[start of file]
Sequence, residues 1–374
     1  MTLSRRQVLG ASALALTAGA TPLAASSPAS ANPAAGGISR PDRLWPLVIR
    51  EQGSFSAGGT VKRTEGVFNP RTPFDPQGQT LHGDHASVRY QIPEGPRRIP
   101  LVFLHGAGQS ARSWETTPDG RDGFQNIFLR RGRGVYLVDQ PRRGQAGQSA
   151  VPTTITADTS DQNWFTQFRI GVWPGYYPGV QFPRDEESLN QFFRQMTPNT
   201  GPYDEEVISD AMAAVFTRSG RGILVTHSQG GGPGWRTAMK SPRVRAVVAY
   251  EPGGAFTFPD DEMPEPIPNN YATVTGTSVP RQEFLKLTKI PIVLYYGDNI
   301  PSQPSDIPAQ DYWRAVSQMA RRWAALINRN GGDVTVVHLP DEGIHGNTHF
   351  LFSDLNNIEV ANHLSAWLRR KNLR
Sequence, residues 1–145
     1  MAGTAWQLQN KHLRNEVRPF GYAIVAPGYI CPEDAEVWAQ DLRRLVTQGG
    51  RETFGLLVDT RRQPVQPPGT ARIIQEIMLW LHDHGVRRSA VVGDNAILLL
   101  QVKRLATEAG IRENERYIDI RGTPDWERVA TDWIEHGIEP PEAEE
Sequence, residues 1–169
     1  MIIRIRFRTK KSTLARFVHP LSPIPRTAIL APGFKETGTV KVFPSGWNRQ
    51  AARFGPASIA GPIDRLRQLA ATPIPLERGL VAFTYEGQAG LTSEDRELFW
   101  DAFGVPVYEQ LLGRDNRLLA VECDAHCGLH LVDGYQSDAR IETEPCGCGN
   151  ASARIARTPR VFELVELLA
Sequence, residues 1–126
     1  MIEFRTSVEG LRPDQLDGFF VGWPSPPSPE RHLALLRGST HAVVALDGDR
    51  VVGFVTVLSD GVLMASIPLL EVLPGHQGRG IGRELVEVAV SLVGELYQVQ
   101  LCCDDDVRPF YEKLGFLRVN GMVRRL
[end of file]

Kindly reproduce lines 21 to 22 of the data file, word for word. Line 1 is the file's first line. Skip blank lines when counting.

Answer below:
    51  VVGFVTVLSD GVLMASIPLL EVLPGHQGRG IGRELVEVAV SLVGELYQVQ
   101  LCCDDDVRPF YEKLGFLRVN GMVRRL